Big Data
Subscribe to Big Data's Posts

Fiduciary Engagement in Artificial Intelligence Innovation: A Governance Imperative

For most healthcare and life sciences companies, investment in and deployment of AI technology is expected to be a critical strategic component for the foreseeable future. Effective, ongoing governance oversight of AI will be a critical organizational concern for companies, and the governance framework itself must reflect and be able to accommodate the highly dynamic nature of AI. Establishing a framework for board decision making and oversight at the earliest possible stage of an organization’s development and implementation of its AI strategy will contribute significantly to the board’s ability to fulfill its fiduciary responsibilities and thereby enhance the AI initiatives’ trustworthiness and prospects for success.

Click here to read the full article.

Originally published in the June 2021 issue of Health Law Connections, produced by the American Health Law Association.




FDA Issues Artificial Intelligence/Machine Learning Action Plan

On January 12, 2021, the US Food and Drug Administration (FDA) released its Artificial Intelligence/Machine Learning (AI/ML)-Based Software as a Medical Device (SaMD) Action Plan. The Action Plan outlines five actions that FDA intends to take to further its oversight of AI/ML-based SaMD:

  1. Further develop the proposed regulatory framework, including through draft guidance on a predetermined change control plan for “learning” ML algorithms
    • FDA intends to publish the draft guidance on the predetermined change control plan in 2021 in order to clarify expectations for SaMD Pre-Specifications (SPS), which explain what “aspects the manufacturer changes through learning,” and Algorithm Change Protocol (ACP), which explains how the “algorithm will learn and change while remaining safe and effective.” The draft guidance will focus on what should be included in an SPS and ACP in order to ensure safety and effectiveness of the AI/ML SaMD algorithms. Other areas of focus include identification of modifications appropriate under the framework and the submission and review process.
  2. Support development of good machine learning practices (GMLP) to evaluate and improve ML algorithms
    • GMLPs are critical in guiding product development and oversight of AI/ML products. FDA has developed relationships with several communities, including the Institute of Electrical and Electronics Engineers P2801 Artificial Intelligence Medical Device Working Group, the International Organization for Standardization/ Joint Technical Committee 1/ SubCommittee 42 (ISO/ IEC JTC 1/SC 42) – Artificial Intelligence, and the Association for the Advancement of Medical Instrumentation/British Standards Institution Initiative on AI in medical technology. FDA is focused on working with these communities to come to a consensus on GMLP requirements.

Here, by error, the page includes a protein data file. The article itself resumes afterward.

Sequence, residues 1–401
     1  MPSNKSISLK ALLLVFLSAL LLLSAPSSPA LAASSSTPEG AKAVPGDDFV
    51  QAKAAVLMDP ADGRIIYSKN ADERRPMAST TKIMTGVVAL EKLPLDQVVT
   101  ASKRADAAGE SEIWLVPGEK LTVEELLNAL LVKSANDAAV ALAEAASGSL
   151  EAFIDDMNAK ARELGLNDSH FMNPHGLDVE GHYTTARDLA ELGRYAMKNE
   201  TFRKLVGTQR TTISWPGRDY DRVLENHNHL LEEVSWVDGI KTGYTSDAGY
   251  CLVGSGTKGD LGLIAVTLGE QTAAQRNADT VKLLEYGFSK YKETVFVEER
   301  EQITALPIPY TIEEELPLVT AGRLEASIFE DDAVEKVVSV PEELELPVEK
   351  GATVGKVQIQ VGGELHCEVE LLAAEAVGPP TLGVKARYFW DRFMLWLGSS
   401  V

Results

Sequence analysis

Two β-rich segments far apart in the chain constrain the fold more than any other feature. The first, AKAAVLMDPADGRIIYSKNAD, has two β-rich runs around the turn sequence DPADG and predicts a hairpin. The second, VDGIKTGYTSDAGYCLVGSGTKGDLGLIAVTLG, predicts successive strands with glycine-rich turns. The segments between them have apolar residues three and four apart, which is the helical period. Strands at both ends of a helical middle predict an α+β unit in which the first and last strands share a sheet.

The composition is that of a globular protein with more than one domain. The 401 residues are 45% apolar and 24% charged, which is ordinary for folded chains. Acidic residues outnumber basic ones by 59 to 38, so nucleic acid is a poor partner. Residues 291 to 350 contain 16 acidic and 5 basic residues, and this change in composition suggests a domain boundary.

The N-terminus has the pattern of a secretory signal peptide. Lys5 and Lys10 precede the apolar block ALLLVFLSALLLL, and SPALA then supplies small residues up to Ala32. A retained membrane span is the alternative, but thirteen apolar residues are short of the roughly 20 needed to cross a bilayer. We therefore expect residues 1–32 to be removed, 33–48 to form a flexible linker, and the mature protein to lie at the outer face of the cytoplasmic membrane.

3. Foster a patient-centered approach, including transparency
    • FDA would like to increase patient education to ensure that users have important information about the benefits, risks and limitations of AI/ML products. To that end, FDA held a Patient Engagement Advisory meeting in October 2020, and the agency will use input gathered during the meeting to help identify types of information that it will recommend manufacturers include in AI/ML labeling to foster education and promote transparency.
  4. Develop methods to evaluate and improve ML algorithms
    • To address potential racial, ethical or socio-economic bias that may be inadvertently introduced into AI/ML systems that are trained using data from historical datasets, FDA intends to collaborate with researchers to improve methodologies for the identification and elimination of bias, and to improve the algorithms’ robustness to adapt to varying clinical inputs and conditions.
  5. Advance real world performance monitoring pilots
    • FDA states that gathering real world performance data on the use of the SaMD is an important risk-mitigation tool, as it may allow manufacturers to understand how their products are being used, how they can be improved, and what safety or usability concerns manufacturers need to address. To provide clarity and direction related to real world performance data, FDA supports the piloting of real world performance monitoring. FDA will develop a framework for gathering, validating and evaluating relevant real world performance parameters [...]

      Continue Reading



OFAC Advisory Warns of Civil Penalties for Ransomware Payments

On October 1, 2020, the US Department of the Treasury’s Office of Foreign Assets Control (OFAC) issued an advisory alert that serves as a warning to entities who have been or will be the victim of a ransomware attack. As such, the crucial decision of whether to pay a ransom now comes with the additional risk of legal scrutiny by a powerful federal agency and the possibility of steep fines.

Access the article.




Uber Criminal Complaint Raises the Stakes for Breach Response

On August 20, 2020, a criminal complaint was filed charging Joseph Sullivan, Uber’s former chief security officer, with obstruction of justice and misprision of a felony in connection with an alleged attempted cover-up of a 2016 data breach. These are serious charges for which Mr. Sullivan has the presumption of innocence.

At the time of the 2016 data breach, Uber was being investigated by the US Federal Trade Commission (FTC) in connection with a prior data breach that occurred in 2014. According to the complaint, the hackers behind the 2016 breach stole a database containing the personal information of about 57 million Uber users and drivers. The hackers contacted Uber to inform the company of the attack and demanded payment in return for their silence. According to the complaint, Uber’s response was to attempt to recast the breach as a legitimate event under Uber’s “bug bounty” program and pay a bounty. An affidavit submitted with the complaint portrays a detailed story of deliberate steps undertaken by Mr. Sullivan to allegedly conceal the 2016 breach from the FTC, law enforcement and the public.